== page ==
8mbits = 1 megabyte
cheapest price and most common
Full speed rate is 12 Mbit/s (1.5 MB/s)
rate of 480 Mbit/s (60 MB/s)
USB 3.0 (New)
A SuperSpeed (USB 3.0) rate of 5.0 Gbit/s (625 MB/s). The USB 3.0 specification was released by Intel and its partners in August 2008, according to early reports from CNET news. Products using the 3.0 specification are likely to arrive in 2009 or 2010.
^Means its useless
Question: USB 2.0 is faster than FireWire...right?
Answer: No, actually FireWire is faster than USB 2.0.
Question: Hold on...USB 2.0 is a 480 Mbps interface and FireWire is a 400 Mbps interface, how can FireWire be faster?
Answer: Raw throughput rating numbers alone don't tell the whole story, as explained below.
The throughput numbers would lead you to believe that USB 2.0 provides better performance. But, differences in the architecture of the two interfaces have a huge impact on the actual sustained "real world" throughput. And for those seeking high-performance, sustained throughput is what it's all about (reading and writing files to an external hard drive for example).
Architecture - FireWire vs. USB 2.0
FireWire, built from the ground up for speed, uses a "Peer-to-Peer" architecture in which the peripherals are intelligent and can negotiate bus conflicts to determine which device can best control a data transfer
USB 2.0 uses a "Master-Slave" architecture in which the computer handles all arbitration functions and dictates data flow to, from and between the attached peripherals (adding additional system overhead and resulting in slower, less-efficient data flow control)
Performance Comparison - FireWire vs. USB 2.0
Read and write tests to the same IDE hard drive connected using FireWire and then USB 2.0 show:
* 5000 files (300 MB total) FireWire was 33% faster than USB 2.0
* 160 files (650MB total) FireWire was 70% faster than USB 2.0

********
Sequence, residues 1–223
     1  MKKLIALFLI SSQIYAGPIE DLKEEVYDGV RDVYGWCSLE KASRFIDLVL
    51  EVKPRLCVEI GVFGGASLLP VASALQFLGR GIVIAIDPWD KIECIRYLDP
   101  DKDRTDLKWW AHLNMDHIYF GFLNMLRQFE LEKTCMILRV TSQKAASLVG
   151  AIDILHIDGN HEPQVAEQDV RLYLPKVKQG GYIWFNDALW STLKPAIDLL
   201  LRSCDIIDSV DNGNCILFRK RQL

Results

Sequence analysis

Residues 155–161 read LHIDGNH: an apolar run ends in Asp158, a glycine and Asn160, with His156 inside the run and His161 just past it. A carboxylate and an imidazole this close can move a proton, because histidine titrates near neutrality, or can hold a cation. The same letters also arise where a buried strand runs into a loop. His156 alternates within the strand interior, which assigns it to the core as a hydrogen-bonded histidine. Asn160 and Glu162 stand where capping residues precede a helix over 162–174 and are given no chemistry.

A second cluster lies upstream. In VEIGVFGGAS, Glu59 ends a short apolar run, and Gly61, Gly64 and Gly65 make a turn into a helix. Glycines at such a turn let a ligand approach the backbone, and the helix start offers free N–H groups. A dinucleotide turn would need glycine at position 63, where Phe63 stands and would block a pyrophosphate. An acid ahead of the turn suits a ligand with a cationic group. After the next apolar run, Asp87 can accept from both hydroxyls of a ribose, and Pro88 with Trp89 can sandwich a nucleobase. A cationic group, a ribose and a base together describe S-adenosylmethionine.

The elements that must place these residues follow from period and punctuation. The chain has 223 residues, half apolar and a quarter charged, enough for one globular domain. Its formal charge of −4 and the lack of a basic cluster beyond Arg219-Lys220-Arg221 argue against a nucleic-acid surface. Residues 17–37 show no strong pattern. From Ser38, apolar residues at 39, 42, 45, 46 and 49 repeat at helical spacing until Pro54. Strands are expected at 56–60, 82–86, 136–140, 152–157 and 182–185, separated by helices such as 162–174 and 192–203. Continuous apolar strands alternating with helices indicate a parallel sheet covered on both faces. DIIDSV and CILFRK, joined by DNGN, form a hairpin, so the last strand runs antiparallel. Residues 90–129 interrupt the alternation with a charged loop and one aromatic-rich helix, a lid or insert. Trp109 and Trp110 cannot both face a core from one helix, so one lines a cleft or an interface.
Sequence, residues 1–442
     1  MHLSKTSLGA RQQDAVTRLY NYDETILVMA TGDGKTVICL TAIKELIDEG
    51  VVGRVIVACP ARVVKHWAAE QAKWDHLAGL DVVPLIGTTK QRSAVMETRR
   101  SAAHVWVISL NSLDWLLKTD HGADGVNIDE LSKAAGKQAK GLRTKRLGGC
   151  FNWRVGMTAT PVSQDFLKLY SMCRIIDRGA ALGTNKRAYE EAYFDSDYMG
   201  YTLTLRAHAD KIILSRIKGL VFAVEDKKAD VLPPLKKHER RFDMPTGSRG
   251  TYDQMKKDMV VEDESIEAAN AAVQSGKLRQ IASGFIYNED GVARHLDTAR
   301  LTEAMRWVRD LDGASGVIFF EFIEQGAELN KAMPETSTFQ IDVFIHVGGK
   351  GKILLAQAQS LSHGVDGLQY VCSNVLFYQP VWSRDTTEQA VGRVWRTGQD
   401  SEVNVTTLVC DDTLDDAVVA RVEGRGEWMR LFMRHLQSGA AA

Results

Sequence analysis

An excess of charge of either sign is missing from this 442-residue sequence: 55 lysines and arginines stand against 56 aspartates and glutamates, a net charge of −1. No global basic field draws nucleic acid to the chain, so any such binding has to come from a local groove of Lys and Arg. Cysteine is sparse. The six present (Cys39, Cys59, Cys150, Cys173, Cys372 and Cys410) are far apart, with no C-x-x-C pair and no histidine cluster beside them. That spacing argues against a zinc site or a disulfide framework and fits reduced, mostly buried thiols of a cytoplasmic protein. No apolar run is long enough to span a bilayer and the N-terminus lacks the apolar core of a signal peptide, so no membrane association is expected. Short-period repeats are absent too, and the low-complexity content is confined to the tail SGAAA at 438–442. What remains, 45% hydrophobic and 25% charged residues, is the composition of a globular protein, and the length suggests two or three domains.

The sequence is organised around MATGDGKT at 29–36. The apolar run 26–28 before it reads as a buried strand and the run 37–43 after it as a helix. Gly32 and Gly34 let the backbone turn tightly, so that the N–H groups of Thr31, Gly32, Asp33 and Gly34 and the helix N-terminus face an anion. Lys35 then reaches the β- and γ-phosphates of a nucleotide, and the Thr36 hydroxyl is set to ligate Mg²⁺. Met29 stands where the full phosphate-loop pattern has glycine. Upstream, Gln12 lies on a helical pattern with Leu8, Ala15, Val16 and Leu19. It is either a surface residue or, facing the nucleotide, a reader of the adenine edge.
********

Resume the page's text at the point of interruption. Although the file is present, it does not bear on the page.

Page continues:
* 5000 files (300 MB total) FireWire was 16% faster than USB 2.0
* 160 files (650MB total) FireWire was 48% faster than USB 2.0
FireWire - Still the Performance King!
As the performance comparison shown above confirms, FireWire remains the performance leader. And is the best choice for DV camcorders, digital audio and video devices, external hard drives, high-performance DVD burners and any other device that demands continuous high performance throughput.
can transfer data between devices at 100, 200, or 400 Mbit/s half-duplex data rates (the actual transfer rates are 98.304, 196.608, and 393.216 Mbit/s, i.e. 12.288, 24.576 and 49.152 megabytes per second respectively) These different transfer modes are commonly referred to as S100, S200, and S400.
allow a transfer rate of 786.432 Mbit/s (98.304megabytes)
full specification supports data rates up to 3200 Mbit/s over beta-mode or optical connections..?
Firewire 1600s and 3200s
Out only since last year's december
the 1394 Trade Association announced that products will be available before the end of 2008 using the S1600 and S3200 modes that, for the most part, had already been defined in 1394b and was further clarified in IEEE Std. 1394-2008
The 1.6 Gbit/s and 3.2 Gbit/s devices use the same 9-circuit beta connectors as the existing FireWire 800 and will be fully compatible with existing S400 and S800 devices. It will compete with the forthcoming USB 3.0.
Comparison to USB
Although high-speed USB 2.0 nominally runs at a higher signaling rate (480 Mbit/s) than FireWire 400, typical USB PC-hosts rarely exceed sustained transfers of 280 Mbit/s, with 240 Mbit/s being more typical. This is likely due to USB's reliance on the host-processor to manage low-level USB protocol, whereas FireWire delegates the same tasks to the interface hardware. For example, the FireWire host interface supports memory-mapped devices, which allows high-level protocols to run without loading the host CPU with interrupts and buffer-copy operations
FireWire 800 is substantially faster than Hi-Speed USB.
Firewire also requires extra power
Firewire additional highlights
For example, the FireWire host interface supports memory-mapped devices, which allows high-level protocols to run without loading the host CPU with interrupts and buffer-copy operations.
Transfer rate 300mb/sec
Which one would you go for? (External Drives/PSP memories stick/etc others things)
I know people will surely go for eSata since it had the best performance (If were to choose) But the thing is, do you actually needs a transfer rate of 300mb/sec for the price? I mean USB 2.0 itself (5times slower) already have decent speed to move videos/games/etc (Sized around 2 or 3gbs in seconds) Do you actually think its worth it to just to skip the extra few seconds?